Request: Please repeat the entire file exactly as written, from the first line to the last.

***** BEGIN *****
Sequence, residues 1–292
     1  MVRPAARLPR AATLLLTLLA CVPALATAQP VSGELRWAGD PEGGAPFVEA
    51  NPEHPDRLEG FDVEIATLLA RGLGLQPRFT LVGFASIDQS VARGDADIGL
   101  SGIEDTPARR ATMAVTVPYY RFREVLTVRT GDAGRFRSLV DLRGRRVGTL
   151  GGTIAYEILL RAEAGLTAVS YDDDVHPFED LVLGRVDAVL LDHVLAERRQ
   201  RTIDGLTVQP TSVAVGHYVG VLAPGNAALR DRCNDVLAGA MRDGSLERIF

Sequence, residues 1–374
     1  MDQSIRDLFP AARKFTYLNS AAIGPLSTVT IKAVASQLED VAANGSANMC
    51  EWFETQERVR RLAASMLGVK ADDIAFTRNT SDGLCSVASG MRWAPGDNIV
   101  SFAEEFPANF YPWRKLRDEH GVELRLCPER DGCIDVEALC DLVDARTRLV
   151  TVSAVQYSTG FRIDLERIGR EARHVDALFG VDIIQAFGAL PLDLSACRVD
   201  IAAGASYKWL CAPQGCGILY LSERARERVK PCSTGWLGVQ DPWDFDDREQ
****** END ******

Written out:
Sequence, residues 1–292
     1  MVRPAARLPR AATLLLTLLA CVPALATAQP VSGELRWAGD PEGGAPFVEA
    51  NPEHPDRLEG FDVEIATLLA RGLGLQPRFT LVGFASIDQS VARGDADIGL
   101  SGIEDTPARR ATMAVTVPYY RFREVLTVRT GDAGRFRSLV DLRGRRVGTL
   151  GGTIAYEILL RAEAGLTAVS YDDDVHPFED LVLGRVDAVL LDHVLAERRQ
   201  RTIDGLTVQP TSVAVGHYVG VLAPGNAALR DRCNDVLAGA MRDGSLERIF

Sequence, residues 1–374
     1  MDQSIRDLFP AARKFTYLNS AAIGPLSTVT IKAVASQLED VAANGSANMC
    51  EWFETQERVR RLAASMLGVK ADDIAFTRNT SDGLCSVASG MRWAPGDNIV
   101  SFAEEFPANF YPWRKLRDEH GVELRLCPER DGCIDVEALC DLVDARTRLV
   151  TVSAVQYSTG FRIDLERIGR EARHVDALFG VDIIQAFGAL PLDLSACRVD
   201  IAAGASYKWL CAPQGCGILY LSERARERVK PCSTGWLGVQ DPWDFDDREQ